Rep. Katie Porter is in quarantine after being exposed to coronavirus

Watch the full interview with Rep. Katie Porter on “CNN Tonight” with Don Lemon at 10 p.m. ET on Thursday.

Washington US Rep. Katie Porter said Thursday evening that she is self-quarantining after being exposed to someone who tested positive for the coronavirus.

“I think it’s an experience that’s all too familiar for all too many Americans at this point. I was exposed to someone who has tested positive. I’m doing my very best to quarantine here at home,” the California Democrat told CNN’s Don Lemon on “CNN Tonight.”
Porter said she took a coronavirus test earlier Thursday but is going to “lock myself in my bedroom for the next couple days” until the test comes back.
“I think the important thing for people to understand is: It’s not just about wearing a mask. It’s not just about washing your hands. It’s most importantly about staying at home. And I was exposed in my workplace.”
    Porter’s announcement comes the same day that the US hit a record 114,237 Covid-19 hospitalizations, according to the Covid Tracking Project. The spike in cases nationwide sees a parallel in Congress, with at least four senators and at least 19 members of the House of Representatives testing positive for coronavirus or for its antibodies since November 1.
    Earlier Thursday, Republican Rep. Mike Rogers of Alabama wrote on Twitter that he had tested positive for Covid-19, and Rep. Cedric Richmond, a Louisiana Democrat who’s a member of President-elect Joe Biden’s incoming White House staff, also tested positive.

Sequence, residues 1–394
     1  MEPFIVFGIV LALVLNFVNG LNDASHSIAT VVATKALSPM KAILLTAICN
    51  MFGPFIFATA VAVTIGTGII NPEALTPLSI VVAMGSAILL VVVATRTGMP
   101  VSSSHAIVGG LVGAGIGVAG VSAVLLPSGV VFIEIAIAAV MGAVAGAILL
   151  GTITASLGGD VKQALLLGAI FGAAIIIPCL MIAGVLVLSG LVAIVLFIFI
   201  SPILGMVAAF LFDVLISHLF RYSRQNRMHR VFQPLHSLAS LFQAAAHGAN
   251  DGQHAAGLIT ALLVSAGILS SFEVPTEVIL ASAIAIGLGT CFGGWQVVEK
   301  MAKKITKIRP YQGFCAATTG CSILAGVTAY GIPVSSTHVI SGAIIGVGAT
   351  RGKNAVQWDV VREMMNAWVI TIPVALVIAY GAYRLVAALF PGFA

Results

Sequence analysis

The announcements follow those of other prominent members who’ve disclosed their diagnoses over the past week, including Reps. Devin Nunes and Ken Calvert, both California Republicans, and GOP Rep. Joe Wilson of South Carolina.
    The unsettling presence of the virus in Congress underscores the unique challenges facing lawmakers as they grapple with negotiating stimulus relief for Americans while taking steps to avoid spreading the virus themselves.
      Porter added Thursday that the start of vaccinations across the country means it’s “all the more important” that people adhere to the best public health practices.
      “We’re really at maximum capacity at our hospital, so be vigilant, everyone,” she said. “And we’re all going to have to do our best to try to protect each other.”

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